Every industry is currently struggling with staff shortages and our industry is no exception. 

To help business owners and managers, we share a few useful tips on finding the right candidate and ways to retain them.

One of the hardest-hit industries is reported to be the retail sector.

Paul Zahra, CEO of the Australian Retailers Association, says the retail industry recorded the highest increase in job vacancies out of any other industry during the pandemic, highlighting the dire situation many businesses are facing.

“Staff absences due to sick leave from COVID and the flu are adding to the current woes of retailers with labour shortages crippling the economy,” he says. “There are over 40,000 job vacancies in retail trade alone – an increase of 38.5 per cent in just three months.”

APAN is reporting that they are also seeing a constant number of practitioners within the industry who have decided to change professions and move away from personal services where they are in very close proximity to their clients. 

It seems that the stigma of potential infections, despite the various Government imposed measures are not convincing them that their profession is safe. So many are choosing to change their professional direction.

Within our industry, we are receiving a high percentage of complaints that finding appropriately qualified staff is highly challenging.

To assist businesses here are a few recommendations:

  • Be very clear on the qualification you are looking for

 Figures that we have received from government agencies suggest that 72% of people who choose to train in beauty exit after Certificate III. 

At this level, staff have not received any training in skin, anatomy and physiology, skin disorders, equipment or infection control.

The predominant focus of Certificate III only covers grooming services such as waxing, tinting, nail services and spray tanning. 

However, as there are no regulations to stop them from working on facial treatments, there is a percentage of individuals who have graduated at this level and have moved to pursue facial treatments. This is because facial services are often in greater demand. 

They often undertake short supplier training, but they lack the appropriate underpinning knowledge and skill.  Be very careful because many businesses have fallen prey to such individuals.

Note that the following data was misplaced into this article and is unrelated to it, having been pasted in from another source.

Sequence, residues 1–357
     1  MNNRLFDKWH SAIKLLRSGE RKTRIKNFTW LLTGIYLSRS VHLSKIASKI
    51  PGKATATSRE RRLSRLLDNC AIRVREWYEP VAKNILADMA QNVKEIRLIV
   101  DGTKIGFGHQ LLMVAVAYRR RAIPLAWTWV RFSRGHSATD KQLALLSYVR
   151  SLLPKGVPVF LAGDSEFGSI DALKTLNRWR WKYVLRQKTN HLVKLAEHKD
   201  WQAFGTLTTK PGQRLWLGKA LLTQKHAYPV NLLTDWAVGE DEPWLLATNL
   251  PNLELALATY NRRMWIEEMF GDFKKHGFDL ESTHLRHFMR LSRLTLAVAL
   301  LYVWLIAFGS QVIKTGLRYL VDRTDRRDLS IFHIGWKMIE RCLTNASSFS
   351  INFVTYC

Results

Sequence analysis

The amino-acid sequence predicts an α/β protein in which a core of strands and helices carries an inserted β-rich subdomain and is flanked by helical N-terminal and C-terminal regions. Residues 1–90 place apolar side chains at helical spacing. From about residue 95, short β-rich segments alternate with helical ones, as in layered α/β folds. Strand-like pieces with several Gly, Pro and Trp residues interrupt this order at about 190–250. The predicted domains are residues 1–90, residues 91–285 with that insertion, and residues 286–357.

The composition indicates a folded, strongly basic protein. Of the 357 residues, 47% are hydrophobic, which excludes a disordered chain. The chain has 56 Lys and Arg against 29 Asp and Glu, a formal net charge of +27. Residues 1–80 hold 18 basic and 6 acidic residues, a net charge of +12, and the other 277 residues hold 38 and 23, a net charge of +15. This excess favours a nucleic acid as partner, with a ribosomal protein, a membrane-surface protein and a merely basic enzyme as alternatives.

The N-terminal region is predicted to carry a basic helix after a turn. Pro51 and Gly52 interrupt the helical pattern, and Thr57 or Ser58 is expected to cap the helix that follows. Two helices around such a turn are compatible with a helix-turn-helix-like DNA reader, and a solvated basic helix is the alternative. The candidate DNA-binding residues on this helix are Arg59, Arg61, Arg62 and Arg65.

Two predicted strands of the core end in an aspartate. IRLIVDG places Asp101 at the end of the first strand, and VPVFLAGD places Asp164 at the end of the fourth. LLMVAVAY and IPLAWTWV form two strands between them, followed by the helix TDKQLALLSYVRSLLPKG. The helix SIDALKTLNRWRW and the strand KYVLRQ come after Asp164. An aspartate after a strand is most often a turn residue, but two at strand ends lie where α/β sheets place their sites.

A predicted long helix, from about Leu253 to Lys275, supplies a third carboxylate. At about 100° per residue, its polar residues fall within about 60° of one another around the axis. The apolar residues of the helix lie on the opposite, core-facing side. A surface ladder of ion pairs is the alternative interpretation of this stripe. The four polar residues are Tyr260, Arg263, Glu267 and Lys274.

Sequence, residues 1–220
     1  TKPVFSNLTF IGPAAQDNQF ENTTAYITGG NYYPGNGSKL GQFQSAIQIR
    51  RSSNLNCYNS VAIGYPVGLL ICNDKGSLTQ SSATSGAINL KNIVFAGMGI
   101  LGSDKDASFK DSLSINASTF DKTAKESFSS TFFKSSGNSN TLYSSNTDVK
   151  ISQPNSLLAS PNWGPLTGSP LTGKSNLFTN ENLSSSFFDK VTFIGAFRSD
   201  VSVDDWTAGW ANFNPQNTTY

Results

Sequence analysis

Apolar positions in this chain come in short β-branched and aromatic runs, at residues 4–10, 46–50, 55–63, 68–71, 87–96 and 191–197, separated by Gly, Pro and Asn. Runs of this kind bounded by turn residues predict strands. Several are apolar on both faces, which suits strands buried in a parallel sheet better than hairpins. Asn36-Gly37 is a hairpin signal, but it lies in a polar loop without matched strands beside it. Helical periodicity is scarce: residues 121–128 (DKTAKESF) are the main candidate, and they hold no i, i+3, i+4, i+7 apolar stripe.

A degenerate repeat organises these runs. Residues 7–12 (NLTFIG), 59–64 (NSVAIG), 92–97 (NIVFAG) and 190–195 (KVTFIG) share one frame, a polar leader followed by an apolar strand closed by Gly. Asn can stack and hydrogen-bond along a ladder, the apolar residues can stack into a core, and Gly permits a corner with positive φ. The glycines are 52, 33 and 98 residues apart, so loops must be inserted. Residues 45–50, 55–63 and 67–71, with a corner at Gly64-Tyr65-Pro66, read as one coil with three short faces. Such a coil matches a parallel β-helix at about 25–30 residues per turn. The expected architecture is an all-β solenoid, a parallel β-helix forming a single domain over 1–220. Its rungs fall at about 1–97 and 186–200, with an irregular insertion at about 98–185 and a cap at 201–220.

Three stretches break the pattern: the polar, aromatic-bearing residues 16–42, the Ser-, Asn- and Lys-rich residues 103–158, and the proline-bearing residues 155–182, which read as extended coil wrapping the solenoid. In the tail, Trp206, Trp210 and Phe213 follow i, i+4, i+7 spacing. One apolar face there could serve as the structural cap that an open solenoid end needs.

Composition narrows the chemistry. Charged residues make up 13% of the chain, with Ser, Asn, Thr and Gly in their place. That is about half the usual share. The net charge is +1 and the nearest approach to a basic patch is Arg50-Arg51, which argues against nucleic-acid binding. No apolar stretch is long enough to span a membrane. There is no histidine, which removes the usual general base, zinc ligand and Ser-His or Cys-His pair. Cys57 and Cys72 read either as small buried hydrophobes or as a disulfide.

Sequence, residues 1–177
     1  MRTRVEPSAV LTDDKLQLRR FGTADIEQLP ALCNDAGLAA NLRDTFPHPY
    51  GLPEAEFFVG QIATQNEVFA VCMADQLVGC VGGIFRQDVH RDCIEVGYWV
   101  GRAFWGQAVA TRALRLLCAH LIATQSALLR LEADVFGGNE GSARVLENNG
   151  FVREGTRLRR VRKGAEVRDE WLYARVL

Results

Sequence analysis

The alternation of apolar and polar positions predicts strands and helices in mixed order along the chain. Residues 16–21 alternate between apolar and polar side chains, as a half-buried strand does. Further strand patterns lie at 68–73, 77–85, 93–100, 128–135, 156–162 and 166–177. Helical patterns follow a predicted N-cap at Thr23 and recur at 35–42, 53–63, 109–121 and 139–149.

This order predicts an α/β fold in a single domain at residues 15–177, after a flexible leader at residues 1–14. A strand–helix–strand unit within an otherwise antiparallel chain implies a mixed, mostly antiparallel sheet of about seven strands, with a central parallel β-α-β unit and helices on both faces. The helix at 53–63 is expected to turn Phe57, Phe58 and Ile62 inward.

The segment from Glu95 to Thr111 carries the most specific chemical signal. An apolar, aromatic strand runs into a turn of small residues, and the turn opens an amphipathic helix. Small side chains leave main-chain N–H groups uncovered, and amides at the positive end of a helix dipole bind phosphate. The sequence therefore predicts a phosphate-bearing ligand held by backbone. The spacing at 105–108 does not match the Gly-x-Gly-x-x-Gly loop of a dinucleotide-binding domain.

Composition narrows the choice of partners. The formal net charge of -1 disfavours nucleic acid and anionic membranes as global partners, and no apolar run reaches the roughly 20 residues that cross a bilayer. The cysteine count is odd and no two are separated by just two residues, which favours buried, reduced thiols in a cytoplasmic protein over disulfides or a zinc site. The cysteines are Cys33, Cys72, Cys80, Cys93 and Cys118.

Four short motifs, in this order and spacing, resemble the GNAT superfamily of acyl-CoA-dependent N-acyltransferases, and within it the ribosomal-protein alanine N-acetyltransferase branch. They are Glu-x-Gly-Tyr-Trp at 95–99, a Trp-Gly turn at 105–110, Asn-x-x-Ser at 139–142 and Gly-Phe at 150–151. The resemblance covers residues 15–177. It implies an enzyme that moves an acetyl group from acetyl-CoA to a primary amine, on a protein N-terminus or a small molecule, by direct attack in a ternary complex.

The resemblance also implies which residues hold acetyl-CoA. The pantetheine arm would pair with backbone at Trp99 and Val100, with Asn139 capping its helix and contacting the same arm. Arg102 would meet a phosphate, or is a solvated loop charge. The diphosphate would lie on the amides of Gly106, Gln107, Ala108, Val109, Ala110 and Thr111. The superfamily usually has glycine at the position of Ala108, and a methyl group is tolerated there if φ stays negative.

Therefore, when advertising, be very clear on the qualification level that you are seeking and ask to view their credentials.

  • Don’t rely on just training an unqualified person

We are also seeing businesses who are accepting unqualified people that they believe they can train into the job and end up inheriting a nightmare. 

Within our industry, having the right qualifications is very important, as you need your potential staff member to have the appropriate knowledge to responsibly perform the services they are allocated. 

Also remember that in the case of a claim, your insurance company may ask to view their qualifications. If they are unqualified, this may null and void your policy protection.

An exception to this rule is to hire someone you believe will be suited to your business, but only has qualifications in administration or reception skills. 

You can start them as a receptionist and observe them for a few months to assess their suitability.

There are instances when these individuals may wish to move into hands-on clinical work. 

In such a case you could encourage them to gain an appropriate qualification.  You could also investigate the availability in your region for an apprenticeship to traineeship that could allow you to get involved with their training development.

  • Don’t neglect to examine their character and attitude

It’s amazing how far someone can go who has a good attitude, self-discipline, good personal ethics and a good character.

You can train someone to enhance their skills who has a good character, but a qualified person with a bad attitude will always be an impediment.

Look for character traits such as

  • Loyalty
  • Passion for enhancing their knowledge